Older people in Ireland have never been healthier. They are living longer, ageing better and – relative to the rest of the population – their incomes have declined by less during the recession. The Central Statistics Office (CSO), in its Survey on Income and Living Conditions in Ireland, found the average income of those aged 65 and over fell by 5 per cent between 2009 and 2011. Incomes of the elderly have fared better than other age groups in the economic downturn, and very much better than them in the boom years before the bust. Overall, between 2004 and 2011, the average income of the elderly increased by 41 per cent: or almost four times more than those (18- 64) in the traditional working age groups.
Much of the boost to incomes of the elderly came from greatly increased social transfers in the high growth years. Generous increases to the State pension were financed out of buoyant tax revenues from what was an unsustainable property boom. Higher social transfers contributed to a sharp decline in numbers in the “at risk of poverty rate”.
In 2004, more than one in four of the elderly were in that category. But by 2011, just one in 10 were so defined. Poverty in old age has been greatly reduced.
The CSO data serve to highlight the very different financial outcomes for those aged over and under 65. The long recession has become a watershed event, in Ireland as elsewhere. Many of the economic certainties that prevailed before 2008 have gone, as the developed world now struggles to reduce a huge debt burden of private and public debt against the background of high unemployment and sluggish economic growth. Full-time jobs, with guaranteed final salary pensions, although still available in the public service, have become in the private sector more the exception than the norm.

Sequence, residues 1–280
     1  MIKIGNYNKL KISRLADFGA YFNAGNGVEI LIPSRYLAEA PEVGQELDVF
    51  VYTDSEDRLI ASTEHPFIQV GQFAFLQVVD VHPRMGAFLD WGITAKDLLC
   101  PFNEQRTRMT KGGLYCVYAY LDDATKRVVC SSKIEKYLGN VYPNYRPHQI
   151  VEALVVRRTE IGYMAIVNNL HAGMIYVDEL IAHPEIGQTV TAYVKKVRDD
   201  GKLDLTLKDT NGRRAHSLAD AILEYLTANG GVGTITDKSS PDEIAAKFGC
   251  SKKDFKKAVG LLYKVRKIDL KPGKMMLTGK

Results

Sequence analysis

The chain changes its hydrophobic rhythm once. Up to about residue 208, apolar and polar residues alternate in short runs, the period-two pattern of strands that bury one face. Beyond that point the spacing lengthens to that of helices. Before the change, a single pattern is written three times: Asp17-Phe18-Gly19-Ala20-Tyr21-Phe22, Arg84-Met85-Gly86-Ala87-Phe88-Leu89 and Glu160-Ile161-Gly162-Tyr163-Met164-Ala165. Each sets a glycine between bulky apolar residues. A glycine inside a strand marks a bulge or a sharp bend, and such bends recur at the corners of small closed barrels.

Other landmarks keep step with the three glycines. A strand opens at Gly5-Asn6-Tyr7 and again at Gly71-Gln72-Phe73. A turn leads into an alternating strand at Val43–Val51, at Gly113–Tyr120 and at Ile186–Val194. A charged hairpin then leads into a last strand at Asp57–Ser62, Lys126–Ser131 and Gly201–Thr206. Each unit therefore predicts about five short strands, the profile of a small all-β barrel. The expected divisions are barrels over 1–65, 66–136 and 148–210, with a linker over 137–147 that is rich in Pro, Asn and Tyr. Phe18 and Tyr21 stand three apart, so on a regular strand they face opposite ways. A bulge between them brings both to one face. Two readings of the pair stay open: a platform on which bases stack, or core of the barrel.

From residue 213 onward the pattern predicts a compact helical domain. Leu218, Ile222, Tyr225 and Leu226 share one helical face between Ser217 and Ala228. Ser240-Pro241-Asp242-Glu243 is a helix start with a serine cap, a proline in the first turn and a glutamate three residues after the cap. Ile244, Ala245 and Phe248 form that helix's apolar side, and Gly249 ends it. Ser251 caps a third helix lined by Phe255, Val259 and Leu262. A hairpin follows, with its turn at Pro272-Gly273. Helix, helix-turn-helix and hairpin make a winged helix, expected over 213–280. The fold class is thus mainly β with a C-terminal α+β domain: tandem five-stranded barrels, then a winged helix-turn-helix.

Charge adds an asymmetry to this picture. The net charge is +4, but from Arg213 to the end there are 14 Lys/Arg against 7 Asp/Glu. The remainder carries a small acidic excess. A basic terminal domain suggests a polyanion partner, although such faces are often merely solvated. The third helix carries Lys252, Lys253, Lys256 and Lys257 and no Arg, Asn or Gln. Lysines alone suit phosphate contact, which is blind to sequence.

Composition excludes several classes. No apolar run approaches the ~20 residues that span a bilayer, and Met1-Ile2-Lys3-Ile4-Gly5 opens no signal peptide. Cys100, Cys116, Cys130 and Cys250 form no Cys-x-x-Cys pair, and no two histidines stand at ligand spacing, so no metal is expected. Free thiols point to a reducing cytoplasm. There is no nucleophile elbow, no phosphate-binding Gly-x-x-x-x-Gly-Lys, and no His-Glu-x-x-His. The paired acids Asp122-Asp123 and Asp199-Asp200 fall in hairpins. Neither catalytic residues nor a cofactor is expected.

In very many ways, as the CSO figures indicate, the elderly have been a lucky generation, one that financially gained more in the boom, and lost less in the recession. Of course, as Age Action, a lobby group, has pointed out, higher tax and other charges since 2011 – local property tax etc – have hit the elderly hard: almost nine out of 10 live in owner-occupied housing.
Nevertheless, for society and for the Government, as it prepares the budget, the survey data raise the question of equity between the generations in the burden- sharing that fiscal austerity does, and has required. Does the imbalance need to be redressed? And if so, how can that best be done?
Government Ministers may well question how the State can afford to offer free travel and a free TV licence to all over 65, regardless of their means, and offer those at 70 – again without a means test – a telephone and electricity or gas allowance.
These are subsidies the better off do not need, which the taxpayer cannot afford.